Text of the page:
Purification and properties of aldehyde reductases from human placenta

Biochim Biophys Acta. 1985 Jul 5;840(3):324-33. doi: 10.1016/0304-4165(85)90212-0.

Abstract

Aldehyde reductases (alcohol: NADP+-oxidoreductase, EC 1.1.1.2) I and II from human placenta have been purified to homogeneity. Aldehyde reductase I, molecular weight about 74 000, is a dimer of two nonidentical subunits of molecular weights of about 32 500 and 39 000, whereas aldehyde reductase II is a monomer of about 32 500. Aldehyde reductase I can be dissociated into subunits under high ionic concentrations. The isoelectric pH for aldehyde reductases I and II are 5.76 and 5.20, respectively. Amino acid compositions of the two enzymes are significantly different. Placenta aldehyde reductase I can utilize glucose with a lower affinity, whereas aldehyde reductase II is not capable of reducing aldo-sugars. Similarly, aldehyde reductase I does not catalyse the reduction of glucuronate while aldehyde reductase II has a high affinity for glucuronate. Both enzymes, however, exhibit strong affinity towards various other aldehydes such as glyceraldehyde, propionaldehyde, and pyridine-3-aldehyde. The pH optima for aldehyde reductases I and II are 6.0 and 7.0, respectively. Aldehyde reductase I can use both NADH and NADPH as cofactors, whereas aldehyde reductase II activity is dependent on NADPH only. Both enzymes are susceptible to inhibition by sulfhydryl group reagents, aldose reductase inhibitors, lithium sulfate, and sodium chloride to varying degrees.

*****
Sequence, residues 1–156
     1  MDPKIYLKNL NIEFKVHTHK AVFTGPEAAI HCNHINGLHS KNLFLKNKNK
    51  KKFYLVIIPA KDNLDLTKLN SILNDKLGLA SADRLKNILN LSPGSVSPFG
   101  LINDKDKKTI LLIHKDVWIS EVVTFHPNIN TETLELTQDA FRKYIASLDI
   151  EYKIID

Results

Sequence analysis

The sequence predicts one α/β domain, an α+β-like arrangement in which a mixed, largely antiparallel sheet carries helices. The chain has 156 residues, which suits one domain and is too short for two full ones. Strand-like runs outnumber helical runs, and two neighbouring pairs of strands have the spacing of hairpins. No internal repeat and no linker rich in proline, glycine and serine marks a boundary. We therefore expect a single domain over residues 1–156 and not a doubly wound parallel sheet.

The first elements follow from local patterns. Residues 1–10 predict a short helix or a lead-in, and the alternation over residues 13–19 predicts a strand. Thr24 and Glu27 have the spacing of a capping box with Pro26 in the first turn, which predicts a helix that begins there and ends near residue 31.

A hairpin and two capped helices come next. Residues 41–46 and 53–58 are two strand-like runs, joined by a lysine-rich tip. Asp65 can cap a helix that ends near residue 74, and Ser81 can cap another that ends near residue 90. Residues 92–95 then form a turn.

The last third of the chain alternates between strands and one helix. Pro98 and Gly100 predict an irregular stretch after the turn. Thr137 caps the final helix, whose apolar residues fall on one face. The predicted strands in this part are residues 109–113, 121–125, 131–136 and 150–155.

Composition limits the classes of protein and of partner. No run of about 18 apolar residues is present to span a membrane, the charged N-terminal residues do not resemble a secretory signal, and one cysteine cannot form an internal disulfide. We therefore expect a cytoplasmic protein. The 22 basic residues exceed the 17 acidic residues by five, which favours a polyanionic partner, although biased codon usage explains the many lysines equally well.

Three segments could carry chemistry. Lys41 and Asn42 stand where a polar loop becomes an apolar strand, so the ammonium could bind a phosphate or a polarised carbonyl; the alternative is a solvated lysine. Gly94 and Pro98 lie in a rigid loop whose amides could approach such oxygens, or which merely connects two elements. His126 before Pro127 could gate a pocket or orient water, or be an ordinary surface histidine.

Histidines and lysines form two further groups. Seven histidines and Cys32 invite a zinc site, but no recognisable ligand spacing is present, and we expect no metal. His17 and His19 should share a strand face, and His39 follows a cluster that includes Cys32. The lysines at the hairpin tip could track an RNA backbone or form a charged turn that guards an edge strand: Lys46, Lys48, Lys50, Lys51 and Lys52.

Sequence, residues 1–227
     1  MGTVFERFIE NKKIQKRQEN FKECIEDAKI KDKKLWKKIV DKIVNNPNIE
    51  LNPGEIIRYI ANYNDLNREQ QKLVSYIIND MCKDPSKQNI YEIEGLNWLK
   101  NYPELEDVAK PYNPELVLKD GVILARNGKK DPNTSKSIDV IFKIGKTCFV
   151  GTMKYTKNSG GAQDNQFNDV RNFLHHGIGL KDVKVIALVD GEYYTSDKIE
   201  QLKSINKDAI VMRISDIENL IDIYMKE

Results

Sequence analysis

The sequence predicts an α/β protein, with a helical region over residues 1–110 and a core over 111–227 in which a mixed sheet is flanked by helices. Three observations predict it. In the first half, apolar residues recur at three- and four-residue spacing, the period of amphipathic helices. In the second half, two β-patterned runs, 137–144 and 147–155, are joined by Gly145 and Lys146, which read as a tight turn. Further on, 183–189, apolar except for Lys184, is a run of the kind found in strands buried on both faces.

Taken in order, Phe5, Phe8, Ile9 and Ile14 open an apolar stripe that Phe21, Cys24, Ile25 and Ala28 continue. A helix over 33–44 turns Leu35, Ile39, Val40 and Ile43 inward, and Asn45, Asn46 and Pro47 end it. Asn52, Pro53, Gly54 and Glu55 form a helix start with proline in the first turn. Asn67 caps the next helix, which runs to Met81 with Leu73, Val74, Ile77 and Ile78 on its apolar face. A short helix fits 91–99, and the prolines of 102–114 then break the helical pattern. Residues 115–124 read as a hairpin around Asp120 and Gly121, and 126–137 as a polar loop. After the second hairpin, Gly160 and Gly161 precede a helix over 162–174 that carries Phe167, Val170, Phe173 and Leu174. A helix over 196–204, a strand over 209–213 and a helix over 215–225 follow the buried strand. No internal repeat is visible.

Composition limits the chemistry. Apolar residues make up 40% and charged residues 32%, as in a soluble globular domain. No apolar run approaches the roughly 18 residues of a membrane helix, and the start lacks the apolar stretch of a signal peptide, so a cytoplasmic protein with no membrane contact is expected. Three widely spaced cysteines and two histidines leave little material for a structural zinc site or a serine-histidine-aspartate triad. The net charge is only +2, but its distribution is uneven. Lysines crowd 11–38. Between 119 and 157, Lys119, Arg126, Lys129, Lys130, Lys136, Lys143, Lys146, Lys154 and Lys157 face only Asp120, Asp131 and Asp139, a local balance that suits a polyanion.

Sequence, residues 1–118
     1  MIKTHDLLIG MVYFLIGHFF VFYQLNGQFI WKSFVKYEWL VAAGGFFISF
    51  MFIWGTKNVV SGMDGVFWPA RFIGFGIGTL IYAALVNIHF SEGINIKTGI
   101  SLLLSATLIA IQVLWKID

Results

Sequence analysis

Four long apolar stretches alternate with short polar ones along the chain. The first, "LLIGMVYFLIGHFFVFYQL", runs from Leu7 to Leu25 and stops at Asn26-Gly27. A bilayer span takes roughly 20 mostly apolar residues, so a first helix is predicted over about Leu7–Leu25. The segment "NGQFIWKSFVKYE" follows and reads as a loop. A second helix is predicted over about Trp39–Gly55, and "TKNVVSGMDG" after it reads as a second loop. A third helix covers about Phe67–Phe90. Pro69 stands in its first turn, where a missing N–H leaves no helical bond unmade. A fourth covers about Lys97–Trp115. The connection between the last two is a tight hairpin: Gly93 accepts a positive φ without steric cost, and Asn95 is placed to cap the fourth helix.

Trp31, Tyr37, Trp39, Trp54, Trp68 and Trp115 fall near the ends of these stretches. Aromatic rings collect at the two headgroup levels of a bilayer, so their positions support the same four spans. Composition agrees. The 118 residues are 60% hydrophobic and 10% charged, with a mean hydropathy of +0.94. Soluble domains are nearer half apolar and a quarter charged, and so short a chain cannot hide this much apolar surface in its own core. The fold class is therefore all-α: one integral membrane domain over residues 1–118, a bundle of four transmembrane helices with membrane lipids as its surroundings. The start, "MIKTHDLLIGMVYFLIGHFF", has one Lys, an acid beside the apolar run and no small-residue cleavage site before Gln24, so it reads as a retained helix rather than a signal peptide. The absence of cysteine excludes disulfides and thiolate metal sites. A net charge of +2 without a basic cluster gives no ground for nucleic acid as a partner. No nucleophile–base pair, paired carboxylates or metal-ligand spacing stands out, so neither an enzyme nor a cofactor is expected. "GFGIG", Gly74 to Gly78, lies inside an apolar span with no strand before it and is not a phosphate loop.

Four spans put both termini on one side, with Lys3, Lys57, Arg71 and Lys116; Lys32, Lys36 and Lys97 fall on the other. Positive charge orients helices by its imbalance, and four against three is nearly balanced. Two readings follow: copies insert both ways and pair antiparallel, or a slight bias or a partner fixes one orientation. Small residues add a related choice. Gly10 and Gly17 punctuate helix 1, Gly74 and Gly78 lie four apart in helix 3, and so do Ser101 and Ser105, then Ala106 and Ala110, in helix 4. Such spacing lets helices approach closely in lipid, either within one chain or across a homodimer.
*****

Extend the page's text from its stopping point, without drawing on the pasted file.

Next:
Publication types

  • Comparative Study
  • Research Support, U.S. Gov't, P.H.S.

MeSH terms

  • Alcohol Oxidoreductases / antagonists & inhibitors
  • Alcohol Oxidoreductases / isolation & purification*
  • Alcohol Oxidoreductases / metabolism
  • Amino Acids / analysis
  • Female
  • Humans
  • Isoelectric Point
  • Kinetics
  • Molecular Weight
  • Placenta / enzymology*
  • Pregnancy
  • Protein Conformation
  • Substrate Specificity

Substances

  • Amino Acids
  • Alcohol Oxidoreductases
  • alcohol dehydrogenase (NADP+)